When the Kansas City Royals’ surprise season finally ends, even with the possibility of champagne showers and a major parade, James Shields will likely sign with a new team. The void he will leave in the Royals’ starting rotation could soon be filled by one of the top prospects in baseball.
Listed at 6-foot-3, 215 pounds, Kyle Zimmer is the same height and weight as “Big Game” James. Before the 2014 season, Zimmer was ranked the No. 23 prospect by Baseball America, the No. 25 prospect by MLB.com and was 34th on Baseball Prospectus’ list of the top prospects in baseball. While there was some disagreement about where exactly he ranked, the acknowledged belief is he has a bright future in the game.Feb 24, 2014; Surprise, AZ, USA; Kansas City Royals pitcher Kyle Zimmer poses for a portrait during photo day at Surprise Stadium. Mandatory Credit: Mark J. Rebilas-USA TODAY Sports
Zimmer, who should contribute for the Royals in 2015, is the replacement for Shields. He obviously won’t be an ace like Shields right away, but given time, Zimmer can give Kansas City what Shields has the last two seasons.
This last season, though, was rough for Zimmer. He suffered two setbacks—bicep tendinitis and a lat injury—before making his way back at the end of the season. He finished the year with a brief stint at Rookie Ball before joining Triple-A Omaha for the playoffs.
It appears Zimmer has recovered well from both injuries. In his most recent start for the Peoria Javelinas of the Arizona Fall League, Zimmer threw five scoreless innings, surrendered just two hits, one walk and struck out 11. This dominant start can only add to the smiles of Royals Nation this fall.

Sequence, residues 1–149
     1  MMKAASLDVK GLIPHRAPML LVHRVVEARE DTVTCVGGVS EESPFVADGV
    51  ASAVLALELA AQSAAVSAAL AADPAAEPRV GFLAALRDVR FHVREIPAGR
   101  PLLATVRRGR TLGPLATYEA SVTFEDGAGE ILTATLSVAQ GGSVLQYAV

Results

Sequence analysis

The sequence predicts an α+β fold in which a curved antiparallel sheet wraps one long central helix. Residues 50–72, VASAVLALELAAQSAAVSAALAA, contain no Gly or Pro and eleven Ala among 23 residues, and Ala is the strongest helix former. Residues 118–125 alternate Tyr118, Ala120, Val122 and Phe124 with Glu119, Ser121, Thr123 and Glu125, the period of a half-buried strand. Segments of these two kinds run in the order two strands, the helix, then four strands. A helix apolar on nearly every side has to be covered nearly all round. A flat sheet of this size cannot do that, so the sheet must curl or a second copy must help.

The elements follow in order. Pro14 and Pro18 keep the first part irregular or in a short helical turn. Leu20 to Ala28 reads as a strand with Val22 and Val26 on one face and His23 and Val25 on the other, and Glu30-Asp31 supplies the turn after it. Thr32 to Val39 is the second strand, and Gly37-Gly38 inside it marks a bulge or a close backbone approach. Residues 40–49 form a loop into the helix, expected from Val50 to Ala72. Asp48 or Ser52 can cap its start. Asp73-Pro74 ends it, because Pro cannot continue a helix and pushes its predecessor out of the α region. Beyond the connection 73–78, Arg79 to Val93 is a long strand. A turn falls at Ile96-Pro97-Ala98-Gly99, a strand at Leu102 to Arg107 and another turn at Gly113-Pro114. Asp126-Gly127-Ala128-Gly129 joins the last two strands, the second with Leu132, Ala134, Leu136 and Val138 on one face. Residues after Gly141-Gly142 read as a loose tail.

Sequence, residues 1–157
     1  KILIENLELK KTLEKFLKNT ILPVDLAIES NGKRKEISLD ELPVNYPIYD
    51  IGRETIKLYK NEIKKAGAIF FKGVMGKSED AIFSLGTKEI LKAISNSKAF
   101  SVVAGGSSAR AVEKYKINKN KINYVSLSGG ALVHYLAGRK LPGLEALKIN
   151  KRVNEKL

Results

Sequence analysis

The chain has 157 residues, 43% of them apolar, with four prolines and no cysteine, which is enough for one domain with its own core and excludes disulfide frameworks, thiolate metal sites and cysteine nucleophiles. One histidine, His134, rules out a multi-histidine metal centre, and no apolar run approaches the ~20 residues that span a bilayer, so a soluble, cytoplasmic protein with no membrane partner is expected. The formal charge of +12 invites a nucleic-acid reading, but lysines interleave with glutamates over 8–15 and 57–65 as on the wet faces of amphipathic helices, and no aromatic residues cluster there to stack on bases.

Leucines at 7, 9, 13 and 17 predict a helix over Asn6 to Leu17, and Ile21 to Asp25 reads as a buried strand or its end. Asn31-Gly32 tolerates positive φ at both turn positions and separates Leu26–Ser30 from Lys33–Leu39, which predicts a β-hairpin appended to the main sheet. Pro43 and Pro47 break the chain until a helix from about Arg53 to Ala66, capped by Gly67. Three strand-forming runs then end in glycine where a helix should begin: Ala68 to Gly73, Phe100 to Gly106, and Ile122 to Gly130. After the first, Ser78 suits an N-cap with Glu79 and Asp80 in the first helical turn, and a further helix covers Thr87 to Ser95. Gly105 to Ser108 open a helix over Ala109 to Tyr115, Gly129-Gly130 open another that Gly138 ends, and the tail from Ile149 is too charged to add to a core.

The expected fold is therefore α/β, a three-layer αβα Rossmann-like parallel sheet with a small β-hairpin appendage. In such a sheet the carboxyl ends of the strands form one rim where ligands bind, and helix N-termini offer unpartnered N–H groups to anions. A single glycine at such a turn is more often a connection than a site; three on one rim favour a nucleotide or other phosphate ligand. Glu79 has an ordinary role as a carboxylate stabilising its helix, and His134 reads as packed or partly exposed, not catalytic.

In his pitching repertoire, Zimmer features a fastball that hits 96 MPH, a slider, curveball and changeup.
With the inevitable departure of Shields this offseason, Royals fans should be thankful that there is a replacement in house. Zimmer has a chance to be a key part of the 2015 Royals.
Plus, Zimmer fits in with the youthful bunch that is shocking the baseball world this postseason with their small ball, clutch hitting and superb defense.
Zimmer, the No. 5 pick in the 2012 Draft, is just 23. Shields will turn 33 this offseason. Zimmer is under team control for the foreseeable future. Shields is expected to demand a large, lucrative contract, one the Royals cannot afford. As much as the Royals would love to retain Shields, it won’t happen. Zimmer is the future, not Shields.
Soon enough Zimmer will join the rotation in Kansas City—one that Shields helped revitalize with a winning culture.